More deeply entrenched within the libertarian community than “but” libertarians are those who fail to apply libertarian principles to the natural environment and the important subject of environmentalism. Although some of these people readily identify themselves as “hyphenated” libertarians (such as the paleo-libertarians), most of them do not openly acknowledge their deviation from libertarian principles on this key issue. And just to get it out of the way, let me clearly state that big-government “solutions” are not and cannot be the answer to environmental challenges. Furthermore, I am not a Luddite, hoping to repeal the advance of technology. Nonetheless, a bias toward population expansion and reckless handling of the environment is not libertarian. Advocates of these positions regularly abandon the libertarian concepts of (1) pollution as a form of trespass, (2) the need for market-based (i.e., non-political) population “right sizing,” and (3) market-based land use. Instead, they assume that current levels of government-induced population growth, the size of the “human footprint,” and pollution are somehow a product of the free market and should continue without limit. For them, talk of environmentalism, overpopulation, and pollution are tantamount to supporting the dictatorial state. Note the following examples:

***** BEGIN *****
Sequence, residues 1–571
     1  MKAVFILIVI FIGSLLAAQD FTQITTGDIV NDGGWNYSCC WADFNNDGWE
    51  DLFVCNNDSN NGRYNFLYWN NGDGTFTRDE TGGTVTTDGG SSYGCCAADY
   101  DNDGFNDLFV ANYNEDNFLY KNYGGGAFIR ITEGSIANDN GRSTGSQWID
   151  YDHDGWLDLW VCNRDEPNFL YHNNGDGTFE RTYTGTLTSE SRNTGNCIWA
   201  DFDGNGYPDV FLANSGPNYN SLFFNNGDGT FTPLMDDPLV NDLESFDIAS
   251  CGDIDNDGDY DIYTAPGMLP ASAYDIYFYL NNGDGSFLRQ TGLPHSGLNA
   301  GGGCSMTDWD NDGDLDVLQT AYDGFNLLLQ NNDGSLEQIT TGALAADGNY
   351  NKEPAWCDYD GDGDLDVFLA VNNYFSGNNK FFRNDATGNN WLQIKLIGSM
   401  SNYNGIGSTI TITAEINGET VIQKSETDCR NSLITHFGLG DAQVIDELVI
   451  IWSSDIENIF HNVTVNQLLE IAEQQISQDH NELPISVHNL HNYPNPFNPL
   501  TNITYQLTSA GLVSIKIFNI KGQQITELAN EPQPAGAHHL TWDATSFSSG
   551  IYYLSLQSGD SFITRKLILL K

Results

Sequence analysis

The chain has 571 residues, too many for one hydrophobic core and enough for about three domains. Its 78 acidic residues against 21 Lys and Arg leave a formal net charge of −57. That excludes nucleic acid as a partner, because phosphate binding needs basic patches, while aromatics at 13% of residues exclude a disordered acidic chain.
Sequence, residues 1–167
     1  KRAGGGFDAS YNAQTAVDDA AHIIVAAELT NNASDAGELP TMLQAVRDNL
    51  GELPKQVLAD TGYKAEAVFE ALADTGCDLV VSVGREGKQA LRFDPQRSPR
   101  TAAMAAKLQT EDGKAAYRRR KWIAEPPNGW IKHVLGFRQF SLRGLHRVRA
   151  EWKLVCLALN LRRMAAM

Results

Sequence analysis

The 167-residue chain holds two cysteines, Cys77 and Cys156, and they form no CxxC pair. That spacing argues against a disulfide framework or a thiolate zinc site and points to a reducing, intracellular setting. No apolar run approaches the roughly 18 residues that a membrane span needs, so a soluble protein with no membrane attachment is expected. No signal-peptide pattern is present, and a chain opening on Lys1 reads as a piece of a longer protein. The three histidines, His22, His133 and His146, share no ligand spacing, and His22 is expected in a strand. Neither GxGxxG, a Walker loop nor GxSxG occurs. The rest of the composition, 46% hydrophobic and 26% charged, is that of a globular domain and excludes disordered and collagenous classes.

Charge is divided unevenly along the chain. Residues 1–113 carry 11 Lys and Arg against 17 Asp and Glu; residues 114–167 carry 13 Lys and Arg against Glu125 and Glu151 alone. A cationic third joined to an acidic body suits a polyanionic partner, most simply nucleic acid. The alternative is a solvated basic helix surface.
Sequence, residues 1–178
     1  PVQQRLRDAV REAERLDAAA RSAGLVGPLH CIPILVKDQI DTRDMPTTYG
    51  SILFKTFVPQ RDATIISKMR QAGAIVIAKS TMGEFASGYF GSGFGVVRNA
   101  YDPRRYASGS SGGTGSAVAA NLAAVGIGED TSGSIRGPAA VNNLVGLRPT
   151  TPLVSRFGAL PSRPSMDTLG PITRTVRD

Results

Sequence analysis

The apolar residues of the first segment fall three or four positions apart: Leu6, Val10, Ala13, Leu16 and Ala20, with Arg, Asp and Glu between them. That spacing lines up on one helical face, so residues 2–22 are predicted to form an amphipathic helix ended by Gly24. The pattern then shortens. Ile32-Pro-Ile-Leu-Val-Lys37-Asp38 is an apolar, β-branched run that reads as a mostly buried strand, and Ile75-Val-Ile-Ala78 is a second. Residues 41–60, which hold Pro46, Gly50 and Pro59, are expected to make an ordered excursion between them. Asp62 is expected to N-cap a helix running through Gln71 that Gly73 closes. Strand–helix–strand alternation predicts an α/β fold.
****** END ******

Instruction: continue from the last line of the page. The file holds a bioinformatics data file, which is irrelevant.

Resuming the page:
· Bloggers at one web site regularly dismiss concerns about the environment and population growth. Here (Lew Rockwell), here (Sean Corrigan), here (Butler Shaffer), and here (David Kramer), are some examples – including this featured paean to gas-guzzlers by Karen De Koster. For these writers, to be concerned about the environment is to be “anti-human.” In their world, there are only two alternatives: the socialist alternative of leftist environmentalists and their own equally socialist paradigm. It is socialist because it shuns the cost-revealing, cost-assigning ways of the free market and pretends that the misallocation of resources and spreading-out of negative externalities that we currently experience in our state-sponsored “tragedy of the commons” is somehow acceptable as an alternative. Even worse, they assume that this misallocation can go on forever with no worrisome consequences.